These are some of the thoughts I had in 1996, as I began my study of The Nutcracker, the Russian ballet that had evolved into a Christmas tradition in North America. My methods included those of traditional participant observation, but because I was on "home turf," investigating a familiar phenomenon in an unfamiliar way, I developed a particular approach to interviewing, the topic I will focus on here. I was both an "insider" and an "outsider" to the world of the annual Nutcracker, in that I had once danced in the ballet, and I shared the ethnic, economic, and cultural background of most Nutcracker participants, but I was also a "foreigner" in that I had drifted away from the dance world as an adult, and then returned as an academic, armed with the tools of observing and recording what I saw. Indian-born anthropologist Jayati Lal, who wrote about her return from the United States to India to do her fieldwork, recognized this duality when she said that she felt like "a 'native' returning to a foreign country," because she did fieldwork in places she hadn't been before (Lal 1996: 191-92).
I also have something in common with the "halfie" or "hyphenated" ethnographers discussed by anthropologists Kamala Visweswaran and Lila Abu-Lughod, although I am not positioned between two ethnic groups as they are (Visweswaran 1994: 131). What I have in common with hyphenated ethnographers, as well as researchers working in their "own" cultural groups (such as Lal, Kondo, and Limón), is the embodied experience of existing in two different worlds. For me, the two worlds were a ballet dancer's realm and that of the academic observer and analyst. I considered it an advantage to have this double or multiple positioning (ex-dancer, dance scholar advocate, "impartial" critic and ethnographer), because acknowledging different vantage points led me to understand that fieldwork is not "collection of data by a dehumanized machine" (Okley 1992: 3). These different vantage points surely interacted with each other, and if the way I reacted to ballet and The Nutcracker arose from a complex of experiences and attitudes that alternately felt entrenched or shifting, I reasoned that the same thing could be true for my respondents.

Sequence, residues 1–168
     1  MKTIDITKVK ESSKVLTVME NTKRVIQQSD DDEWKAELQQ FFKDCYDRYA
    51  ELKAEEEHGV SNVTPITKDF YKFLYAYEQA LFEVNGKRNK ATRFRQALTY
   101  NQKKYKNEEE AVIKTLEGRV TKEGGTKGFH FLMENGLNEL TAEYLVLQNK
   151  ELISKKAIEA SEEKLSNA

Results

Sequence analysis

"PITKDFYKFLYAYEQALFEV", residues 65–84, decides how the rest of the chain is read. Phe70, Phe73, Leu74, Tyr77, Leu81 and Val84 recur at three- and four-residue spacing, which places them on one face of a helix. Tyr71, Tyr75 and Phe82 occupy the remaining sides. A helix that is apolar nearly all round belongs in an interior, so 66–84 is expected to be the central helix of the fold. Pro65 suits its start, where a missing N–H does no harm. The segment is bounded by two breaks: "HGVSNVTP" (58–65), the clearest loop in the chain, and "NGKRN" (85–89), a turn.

Fortunately, the days of believing that only outsiders were clear-headed enough to write ethnographies were over before I entered the field. As James Clifford emphasizes, ethnographers who are closely related to the cultures they investigate are uniquely positioned to do their work, since "it probably requires cultural insiders to recognize adequately the subtle ruses of individuality, where outsiders see only typical behavior" (Clifford 1978: 53). In the case of The Nutcracker, it was even more complicated than that. Many dance insiders often saw the ballet as "typical" or, more to the point, as "stereotypical," even though they might realize that many individual approaches are involved. In the professional dance world, The Nutcracker has often been considered a lightweight phenomenon, suspect because it is widely embraced by non-specialists, families, and children. In the tradition of Western art after the age of modernism, regular repetition of an aesthetic product is often characterized as a static iteration that becomes stale. But an insider to dance studies could easily see that the annual Nutcracker phenomenon is a complex, always changing, powerful ritual of some sort.